Designer: Paul Sottosanti

Publisher: Lookout Games

Players: 1-5

Ages: 10+

Time: 45 minutes

Times Played: 4 times with someone else’s copy (mine is on pre-order), plus several times online

I have always enjoyed city building as a theme for many things, from wooden blocks and Legos to playing SimCity on my Mac Classic, so it’s generally something I enjoy in my board games. I also can’t resist a good tile-laying game, so I was very curious to check out NEOM.

The goal of Neom is to build a city using tiles that provide you with housing, resources, industry and income, building up over three rounds. You earn victory points for building particular structures and having certain buildings in certain combinations or particular locations, and to no one’s surprise the player with the most victory points wins.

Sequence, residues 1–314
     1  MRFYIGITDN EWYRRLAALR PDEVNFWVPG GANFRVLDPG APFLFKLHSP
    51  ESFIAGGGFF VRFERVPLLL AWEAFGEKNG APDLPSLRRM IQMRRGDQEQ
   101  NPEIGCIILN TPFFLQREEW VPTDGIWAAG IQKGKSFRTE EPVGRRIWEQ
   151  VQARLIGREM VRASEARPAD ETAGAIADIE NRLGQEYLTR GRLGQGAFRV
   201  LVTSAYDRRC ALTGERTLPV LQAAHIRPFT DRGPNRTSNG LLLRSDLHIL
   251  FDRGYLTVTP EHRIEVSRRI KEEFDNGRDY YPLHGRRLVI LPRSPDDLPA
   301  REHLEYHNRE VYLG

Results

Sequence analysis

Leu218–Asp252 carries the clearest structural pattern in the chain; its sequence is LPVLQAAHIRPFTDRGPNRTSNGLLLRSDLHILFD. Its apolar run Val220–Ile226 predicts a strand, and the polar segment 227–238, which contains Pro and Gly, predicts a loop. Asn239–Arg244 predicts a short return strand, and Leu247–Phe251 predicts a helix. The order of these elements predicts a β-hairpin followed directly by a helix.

There are 150 tiles, divided into 3 eras, as well as 30 cornerstone tiles (tiles that give you objectives and bonuses), cardboard coins and resource tiles.

Setup is fairly easy. Resource tiles and coins are sorted near the board, and the cornerstone tiles are shuffles and stacked face down. Era tiles are divided by era (with some potentially removed depending on the number of players).


Each player gets a random player board; all boards are the same except for the starting resource printed in the middle of the board.  Players also get $6.

Before the game begins each player is dealt a hand of four cornerstone tiles (the rest of these tiles are removed from the game). Each player chooses one tile to keep and passes the other three to the player on their left; repeat until all players have three and then discard the remaining tile.